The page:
The most promising option would be for the federal government to take an aggressive enforcement role. Earlier this month, U.S. Secretary of Education Miguel Cardona announced the Education Department’s responsibility under disability law “to investigate any state educational agency whose policies or actions may infringe on the rights of every student to access public education equally.” Cardona mentioned a range of enforcement positions from narrow case-by-case actions to broad, state-wide ones. The broadest approach would be more effective than the comparatively limited approaches available to parents because it could result in a state-wide order to mandate masks in all schools.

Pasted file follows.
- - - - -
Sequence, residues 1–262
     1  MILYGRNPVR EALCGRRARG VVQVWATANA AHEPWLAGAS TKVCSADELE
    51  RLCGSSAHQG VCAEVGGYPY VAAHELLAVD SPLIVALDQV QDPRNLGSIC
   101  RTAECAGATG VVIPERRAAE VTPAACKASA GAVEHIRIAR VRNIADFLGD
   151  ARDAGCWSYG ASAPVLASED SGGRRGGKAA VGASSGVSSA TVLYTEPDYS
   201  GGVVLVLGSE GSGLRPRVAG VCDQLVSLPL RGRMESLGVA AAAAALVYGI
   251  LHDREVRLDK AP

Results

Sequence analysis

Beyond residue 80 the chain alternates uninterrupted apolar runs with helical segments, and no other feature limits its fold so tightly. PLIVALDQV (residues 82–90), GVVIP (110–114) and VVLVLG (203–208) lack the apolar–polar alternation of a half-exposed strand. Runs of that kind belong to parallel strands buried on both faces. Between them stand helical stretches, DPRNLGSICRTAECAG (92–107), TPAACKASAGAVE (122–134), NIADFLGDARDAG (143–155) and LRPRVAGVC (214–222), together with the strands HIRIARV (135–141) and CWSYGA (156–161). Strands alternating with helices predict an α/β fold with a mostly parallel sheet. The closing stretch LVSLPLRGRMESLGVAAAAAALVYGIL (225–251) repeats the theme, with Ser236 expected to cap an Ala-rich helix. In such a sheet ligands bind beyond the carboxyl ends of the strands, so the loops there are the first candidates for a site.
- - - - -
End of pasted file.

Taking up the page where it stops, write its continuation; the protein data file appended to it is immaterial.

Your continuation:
In response to this federal position, Florida Governor Ron DeSantis has used some of the classic tools in the public insult playbook. Rather than comment on whether masks and vaccines are effective, he shot back with “why don’t you do your job, why don’t you get this border secure and until you do that, I don’t want to hear a blip about COVID from you.”
DeSantis’ assault seems to have been somewhat effective because, in a conciliatory tone, Cardona responded, “At the end of the day I want to work with … Florida. I want to make sure those students have access to in-person learning.” He did not say, “We’ll see you in court.”
Whether Cardona is willing to use the breadth of his authority to enforce mask mandates around the country remains a political challenge. The heavy hand of the public insult playbook stands as a deadweight to the federal government’s use of its unique enforcement power. But federal enforcement power is one of the only available tools to overcome the power of anti-mask insults and misinformation.